The amount of protein you should consume varies from person to person but the recommendations are typically (0.8g - 1.1g) per pound of body weight.
When it comes to nutrition for maintaining a lean physique, think of it this way, calories determine your weight. Macros (amount of protein, carbs and fats you consume) determine how defined/firm/toned you will look. The quality of food you eat will determine how you feel on a daily basis.
Track & Record
Tracking and recording your food can be very eye opening. It's not required to succeed but it makes success much easier and more efficient. When you're not aware of how many calories you're taking in, you might not be eating enough, you might be over eating, or you might not be getting enough of a specific nutrient. When you track your food, you know what you need and how much you need so you can make progress faster and more efficiently.
Calories in vs calories out is the biggest influence on if you gain weight or lose weight. This means, if you ingest more calories than you burn off, you will gain weight. If you burn off more than you consume you will lose weight. If your caloric intake matches your output, then you will maintain your weight.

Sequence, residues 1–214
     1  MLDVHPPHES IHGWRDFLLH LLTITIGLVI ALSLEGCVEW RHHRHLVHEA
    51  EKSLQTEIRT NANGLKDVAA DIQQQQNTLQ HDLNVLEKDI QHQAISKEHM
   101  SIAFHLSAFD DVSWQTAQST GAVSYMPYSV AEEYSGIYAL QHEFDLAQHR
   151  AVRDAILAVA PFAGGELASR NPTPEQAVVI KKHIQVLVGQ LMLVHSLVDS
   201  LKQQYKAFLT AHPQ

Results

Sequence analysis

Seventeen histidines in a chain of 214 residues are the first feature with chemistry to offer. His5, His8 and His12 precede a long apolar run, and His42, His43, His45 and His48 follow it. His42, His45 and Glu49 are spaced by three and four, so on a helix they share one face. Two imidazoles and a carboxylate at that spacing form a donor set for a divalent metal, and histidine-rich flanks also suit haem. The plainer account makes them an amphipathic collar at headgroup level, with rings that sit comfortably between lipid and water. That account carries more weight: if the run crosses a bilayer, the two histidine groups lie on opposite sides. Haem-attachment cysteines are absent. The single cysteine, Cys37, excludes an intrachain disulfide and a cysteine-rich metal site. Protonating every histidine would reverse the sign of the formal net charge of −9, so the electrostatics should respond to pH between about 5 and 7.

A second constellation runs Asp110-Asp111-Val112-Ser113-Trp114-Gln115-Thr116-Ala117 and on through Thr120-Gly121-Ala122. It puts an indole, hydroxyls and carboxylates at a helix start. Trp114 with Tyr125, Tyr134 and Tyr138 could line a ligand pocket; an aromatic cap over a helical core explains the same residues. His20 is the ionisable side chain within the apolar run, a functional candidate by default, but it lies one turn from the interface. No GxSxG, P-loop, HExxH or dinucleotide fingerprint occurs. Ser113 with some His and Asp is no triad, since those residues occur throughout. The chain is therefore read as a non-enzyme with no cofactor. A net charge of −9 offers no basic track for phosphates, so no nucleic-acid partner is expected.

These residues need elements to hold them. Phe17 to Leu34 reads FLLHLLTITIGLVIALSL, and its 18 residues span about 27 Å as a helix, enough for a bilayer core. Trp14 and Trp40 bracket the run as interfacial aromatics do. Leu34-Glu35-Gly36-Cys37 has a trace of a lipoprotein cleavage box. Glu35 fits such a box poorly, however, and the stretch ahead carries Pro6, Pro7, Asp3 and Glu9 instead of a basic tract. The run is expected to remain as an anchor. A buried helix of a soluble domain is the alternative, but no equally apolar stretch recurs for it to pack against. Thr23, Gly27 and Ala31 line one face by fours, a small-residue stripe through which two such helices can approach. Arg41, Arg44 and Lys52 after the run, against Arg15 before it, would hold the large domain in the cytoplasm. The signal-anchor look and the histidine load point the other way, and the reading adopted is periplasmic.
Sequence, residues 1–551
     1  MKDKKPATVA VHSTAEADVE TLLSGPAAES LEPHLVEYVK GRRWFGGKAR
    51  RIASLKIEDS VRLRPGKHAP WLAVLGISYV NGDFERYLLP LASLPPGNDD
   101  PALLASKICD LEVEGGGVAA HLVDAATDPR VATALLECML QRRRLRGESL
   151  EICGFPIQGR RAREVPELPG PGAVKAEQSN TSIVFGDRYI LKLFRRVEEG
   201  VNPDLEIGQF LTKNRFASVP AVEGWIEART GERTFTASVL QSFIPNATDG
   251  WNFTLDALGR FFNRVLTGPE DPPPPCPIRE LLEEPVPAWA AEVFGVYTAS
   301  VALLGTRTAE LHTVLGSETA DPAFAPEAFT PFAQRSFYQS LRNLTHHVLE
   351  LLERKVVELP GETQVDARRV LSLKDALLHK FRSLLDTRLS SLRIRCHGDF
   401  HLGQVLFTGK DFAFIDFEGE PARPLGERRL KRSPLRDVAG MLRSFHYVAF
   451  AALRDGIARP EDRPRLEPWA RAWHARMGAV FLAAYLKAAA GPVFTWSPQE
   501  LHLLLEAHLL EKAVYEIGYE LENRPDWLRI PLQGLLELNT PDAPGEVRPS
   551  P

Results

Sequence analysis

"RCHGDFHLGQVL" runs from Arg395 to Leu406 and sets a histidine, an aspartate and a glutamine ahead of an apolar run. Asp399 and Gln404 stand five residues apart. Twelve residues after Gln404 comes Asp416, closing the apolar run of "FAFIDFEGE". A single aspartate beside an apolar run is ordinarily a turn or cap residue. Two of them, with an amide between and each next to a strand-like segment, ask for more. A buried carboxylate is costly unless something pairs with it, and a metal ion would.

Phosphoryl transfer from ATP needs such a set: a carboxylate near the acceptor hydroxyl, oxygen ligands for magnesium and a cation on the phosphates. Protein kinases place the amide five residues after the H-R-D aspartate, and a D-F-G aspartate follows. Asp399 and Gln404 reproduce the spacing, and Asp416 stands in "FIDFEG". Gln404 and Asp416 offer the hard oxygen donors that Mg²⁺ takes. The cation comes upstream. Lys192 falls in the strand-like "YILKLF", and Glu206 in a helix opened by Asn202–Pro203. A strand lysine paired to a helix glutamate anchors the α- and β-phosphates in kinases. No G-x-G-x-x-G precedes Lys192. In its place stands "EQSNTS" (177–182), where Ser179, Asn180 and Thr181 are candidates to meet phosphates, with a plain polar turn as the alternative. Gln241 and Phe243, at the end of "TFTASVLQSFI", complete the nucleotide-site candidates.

Notice I keep using the term weight not fat. Weight loss, which includes (water weight, muscle, some fat), instead of just fat loss. Again, calories determine your weight. Macros (amount of protein, carbs and fats you consume) determine how defined/firm/toned you will look. The quality of food you eat will determine how you feel on a daily basis.
Staying hydrated can be a real asset in staying lean, maintaining good well being and preventing health complications. When your muscles are hydrated, they perform much better than dehydrated muscles. This allows for better workout performance, better energy throughout the day, and feeling more satiated with our meals, which helps to prevent excess snacking during the day.
In conclusion, in order to maintain a lean physique, you need to be consistent in living an active lifestyle, strength train 2-4x a week, get enough sleep, eat enough protein, stay hydrated and match your caloric intake with your activity level. There is no shortcut or cheating your way through. In order to achieve a lean physique, it requires dedication, awareness, and making lifestyle changes to adopt healthy habits and routines.
Not sure where to start? Looking for a coach or program? Don't hesitate to reach out.
All coaching inquires: